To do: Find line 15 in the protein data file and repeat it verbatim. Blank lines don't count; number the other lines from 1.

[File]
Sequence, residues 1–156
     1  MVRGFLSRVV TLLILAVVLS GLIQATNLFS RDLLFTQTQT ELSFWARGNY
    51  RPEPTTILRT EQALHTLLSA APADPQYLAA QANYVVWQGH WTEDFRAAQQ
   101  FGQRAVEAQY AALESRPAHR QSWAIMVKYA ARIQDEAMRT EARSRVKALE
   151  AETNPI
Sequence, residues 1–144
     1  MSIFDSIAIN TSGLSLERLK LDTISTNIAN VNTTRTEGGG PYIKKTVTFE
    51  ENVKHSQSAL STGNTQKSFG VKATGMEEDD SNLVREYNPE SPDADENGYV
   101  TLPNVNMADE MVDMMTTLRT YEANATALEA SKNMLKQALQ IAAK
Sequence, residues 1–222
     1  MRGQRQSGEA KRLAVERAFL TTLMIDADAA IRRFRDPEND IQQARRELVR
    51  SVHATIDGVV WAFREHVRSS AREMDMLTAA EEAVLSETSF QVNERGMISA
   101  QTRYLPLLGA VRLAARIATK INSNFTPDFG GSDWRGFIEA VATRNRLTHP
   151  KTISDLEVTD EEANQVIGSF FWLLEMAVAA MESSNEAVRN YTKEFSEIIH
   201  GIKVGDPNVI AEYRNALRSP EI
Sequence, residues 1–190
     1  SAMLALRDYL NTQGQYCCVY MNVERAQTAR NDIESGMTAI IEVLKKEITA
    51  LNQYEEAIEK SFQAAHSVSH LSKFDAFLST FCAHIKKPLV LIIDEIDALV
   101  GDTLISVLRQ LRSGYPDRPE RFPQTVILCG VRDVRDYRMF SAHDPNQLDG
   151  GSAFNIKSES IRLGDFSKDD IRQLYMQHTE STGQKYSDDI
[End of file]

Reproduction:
   201  GIKVGDPNVI AEYRNALRSP EI